The hospital even has its perks, like spaghetti fit for a super hero.

“Shriners gives us food when we are there, and they have amazing food at their cafeteria,” Layman said. “Damien’s favorite is spaghetti. He would eat four plates of it. They don’t even give him the kids’ serving any more.”

Shriners offers in-hospital room and board, akin to a hotel stay, and there are play areas for children and parents to provide a sense of normalcy in what can be a difficult place to be for weeks or months at a time.

“There is a play room with other kids in the same situation as Damien,” Layman said. “He loves to play in their Batman cave. It also give a space for all the parents to support one another.”

That support is a big help, as some of the scenes are fit for no parent.

“The first time we were there, I was in and out, and a nurse can and will try to comfort you, but it takes another parent in your shoes to really provide comfort,” Layman said. “There was one surgery where they were working on reconstructing Damien’s face, and if your child is having face surgery, it doesn’t matter how many gruesome things you’ve seen or how strong you think you are. No mother is prepared for that.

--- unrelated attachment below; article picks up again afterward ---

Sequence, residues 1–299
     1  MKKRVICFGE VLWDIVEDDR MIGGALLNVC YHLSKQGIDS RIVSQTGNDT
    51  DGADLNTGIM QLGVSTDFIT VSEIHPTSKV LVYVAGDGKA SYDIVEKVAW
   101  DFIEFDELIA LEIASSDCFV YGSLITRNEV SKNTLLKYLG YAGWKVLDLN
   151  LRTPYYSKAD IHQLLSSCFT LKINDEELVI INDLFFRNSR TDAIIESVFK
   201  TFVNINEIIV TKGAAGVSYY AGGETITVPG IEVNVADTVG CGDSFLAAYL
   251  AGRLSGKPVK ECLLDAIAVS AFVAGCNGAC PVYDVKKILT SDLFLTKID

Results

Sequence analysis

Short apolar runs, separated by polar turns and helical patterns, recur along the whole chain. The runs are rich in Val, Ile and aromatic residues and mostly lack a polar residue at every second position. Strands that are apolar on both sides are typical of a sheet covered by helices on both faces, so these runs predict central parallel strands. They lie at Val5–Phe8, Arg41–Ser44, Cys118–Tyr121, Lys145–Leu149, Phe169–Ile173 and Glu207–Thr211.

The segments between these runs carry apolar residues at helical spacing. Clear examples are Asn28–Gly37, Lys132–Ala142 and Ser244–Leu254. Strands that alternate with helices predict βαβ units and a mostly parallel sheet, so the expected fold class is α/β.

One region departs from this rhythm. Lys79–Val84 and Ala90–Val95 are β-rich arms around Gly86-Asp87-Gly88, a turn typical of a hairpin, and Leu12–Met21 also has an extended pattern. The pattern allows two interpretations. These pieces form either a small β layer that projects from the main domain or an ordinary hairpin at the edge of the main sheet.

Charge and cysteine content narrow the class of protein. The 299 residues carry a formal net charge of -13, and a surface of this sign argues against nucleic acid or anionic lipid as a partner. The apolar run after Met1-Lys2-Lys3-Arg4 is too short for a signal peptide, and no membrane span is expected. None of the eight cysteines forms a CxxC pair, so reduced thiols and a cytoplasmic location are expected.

“I saw his face and I couldn’t breathe. He was like a ghost — a sheet of paper. It was like nothing you could imagine. And, I couldn’t show any emotion in front of Damien because he was awake and I had to be strong. He didn’t have a mirror to see himself, and he didn’t know what was going on. I went outside, and there was another mother that was there who asked if I was OK. I just fell into her arms in tears. Her son had multiple face surgeries, and she was able to show me a timeline in pictures from start to finish, and even though it was bad now, what Damien might look like by the end.”

Staying positive

While his mother struggled with the emotional pain of the situation, Tarr suffered with more brute, physical pain — and that’s how Superbubba was born.